The 1960s marked a period of significant growth. Under the stewardship of Reamer Kline, who served for 14 years as president of the College, the number of students and faculty increased, as did campus facilities, and the curriculum was expanded, particularly in science and the visual arts. Bard also demonstrated an early commitment to civil rights. In 1962, Bard was among the first colleges to award an honorary degree to Rev. Martin Luther King Jr.
1975 to Present: Leon Botstein became Bard’s 14th president in 1975. Under Botstein, Bard has continued to innovate, take risks, and broaden its global outlook. He has overseen curricular innovation—including the nation’s first human rights major; the Language and Thinking Program, a presemester workshop for first-year students; and Citizen Science, a hands-on program that introduces all first-year students to natural science and the ideas of the scientific method—and the development of a new model for the liberal arts college as a central body surrounded by affiliated institutes and programs that strengthen core academic offerings. This model is flexible enough to include programs for research, graduate study, and community outreach, yet each affiliate is designed to enhance the undergraduate experience by offering students the opportunity to interact with leading artists, scientists, and scholars.
A number of these initiatives developed within the Bard Center, established in 1978 to present artistic and intellectual programs. These include the Distinguished Scientist Lecture Series, which has brought 46 Nobel laureates to Bard, and the Bard Fiction Prize, awarded to emerging writers who spend a semester in residence at the College. Other programs developed under the Bard Center auspices include the Institute for Writing and Thinking, which has had a major impact on the teaching of writing in high schools and colleges around the country and internationally; the Bard Music Festival, which debuted in 1990 and each year illuminates the work and era of a specific composer; and the literary journal Conjunctions, which celebrated its 40th anniversary in 2021.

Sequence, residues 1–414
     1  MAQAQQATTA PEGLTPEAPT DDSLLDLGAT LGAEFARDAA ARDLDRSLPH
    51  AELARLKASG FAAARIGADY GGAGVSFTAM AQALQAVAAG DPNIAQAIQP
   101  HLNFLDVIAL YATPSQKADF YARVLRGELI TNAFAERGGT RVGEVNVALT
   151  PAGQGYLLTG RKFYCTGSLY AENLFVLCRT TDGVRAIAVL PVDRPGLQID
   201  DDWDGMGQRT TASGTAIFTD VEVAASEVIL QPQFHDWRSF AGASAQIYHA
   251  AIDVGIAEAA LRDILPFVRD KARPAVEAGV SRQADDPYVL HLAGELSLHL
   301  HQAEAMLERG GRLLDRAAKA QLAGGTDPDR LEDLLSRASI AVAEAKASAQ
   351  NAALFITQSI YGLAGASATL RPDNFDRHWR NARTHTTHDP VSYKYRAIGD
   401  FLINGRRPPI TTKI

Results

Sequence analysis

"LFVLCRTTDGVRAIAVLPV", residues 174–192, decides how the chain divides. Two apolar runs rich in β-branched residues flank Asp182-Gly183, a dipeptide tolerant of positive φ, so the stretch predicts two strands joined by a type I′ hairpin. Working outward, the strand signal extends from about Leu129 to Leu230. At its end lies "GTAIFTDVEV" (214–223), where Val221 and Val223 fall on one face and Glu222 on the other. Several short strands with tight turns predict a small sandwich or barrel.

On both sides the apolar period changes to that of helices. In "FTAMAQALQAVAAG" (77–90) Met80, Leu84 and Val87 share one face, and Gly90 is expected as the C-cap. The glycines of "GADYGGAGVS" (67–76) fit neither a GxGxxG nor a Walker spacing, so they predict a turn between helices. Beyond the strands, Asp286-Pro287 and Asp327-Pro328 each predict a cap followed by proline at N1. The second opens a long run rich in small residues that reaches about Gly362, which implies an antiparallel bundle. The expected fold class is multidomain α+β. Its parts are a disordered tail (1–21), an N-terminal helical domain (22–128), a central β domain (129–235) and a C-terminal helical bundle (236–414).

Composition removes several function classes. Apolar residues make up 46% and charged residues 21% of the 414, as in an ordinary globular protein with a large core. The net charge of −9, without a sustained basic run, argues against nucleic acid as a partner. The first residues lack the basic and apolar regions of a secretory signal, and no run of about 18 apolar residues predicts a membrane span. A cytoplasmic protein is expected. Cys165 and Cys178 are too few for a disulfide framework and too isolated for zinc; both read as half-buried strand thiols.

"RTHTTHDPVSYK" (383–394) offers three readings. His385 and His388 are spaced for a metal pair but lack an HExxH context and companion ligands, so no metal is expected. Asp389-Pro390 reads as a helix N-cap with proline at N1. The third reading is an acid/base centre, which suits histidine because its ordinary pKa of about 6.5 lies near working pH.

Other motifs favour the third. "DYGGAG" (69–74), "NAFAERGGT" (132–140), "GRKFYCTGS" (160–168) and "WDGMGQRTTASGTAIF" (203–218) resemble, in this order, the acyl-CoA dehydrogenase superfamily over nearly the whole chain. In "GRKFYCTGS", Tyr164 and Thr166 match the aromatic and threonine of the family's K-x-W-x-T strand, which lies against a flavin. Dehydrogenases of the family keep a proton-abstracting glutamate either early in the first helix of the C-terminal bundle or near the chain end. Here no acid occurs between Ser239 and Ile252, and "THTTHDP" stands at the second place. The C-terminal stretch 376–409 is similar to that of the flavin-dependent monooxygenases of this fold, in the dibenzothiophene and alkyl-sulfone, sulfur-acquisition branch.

Bard has been a leader in early college education since 1979, when it acquired Simon’s Rock, the nation’s first early college. The College has since partnered with public school systems across the country to establish tuition-free early college programs that allow young scholars to earn up to 60 college credits and an associate in arts degree along with their high school diploma. The first Bard High School Early College opened in 2001 in Manhattan. Bard now operates early college campuses in Queens (2008); Newark (2011); New Orleans (2011); Cleveland (2014); Baltimore (2015); Hudson Valley, New York (2016); and Washington, D.C. (2019).
The College has developed a number of additional initiatives to address the educational needs of underserved communities. These include the Bard Prison Initiative (BPI), founded by Max Kenner ’01 as a student project to bring higher education into New York State prisons. The program is the subject of an Emmy-nominated documentary series, College Behind Bars, which aired on PBS in 2019. Building on the success of BPI, the College partnered with community-based institutions to create Bard Microcollege campuses at the Holyoke (Massachusetts) Care Center, Brooklyn Public Library, and Countee Cullen public library in Harlem. These programs, which lead to an AA degree, feature the elements of an Annadale education. The Clemente Course, currently in its 26th year, provides college-level instruction, for college credits, to economically disadvantaged students aged 17 and older at 30 sites around the country.
Affiliated programs also include the Milton Avery Graduate School of the Arts (1981); Levy Economics Institute of Bard College (1986); Center for Curatorial Studies (1990); Bard Graduate Center (1993); Bard Center for Environmental Policy (1999); Bard Globalization and International Affairs Program (2001); Master of Arts in Teaching Program (2004); Bard College Conservatory of Music (2005) and its graduate programs in vocal arts (2006), conducting (2010), and instrumental arts (2022); Hannah Arendt Center for Politics and Humanities (2006); Center for Civic Engagement (2011); Bard MBA in Sustainability (2012); Longy School of Music of Bard College (2012) in Cambridge, Massachusetts; The Orchestra Now, which awards an MA degree and offers experiential training to postgraduate musicians (2015); and the US-China Music Institute (2018).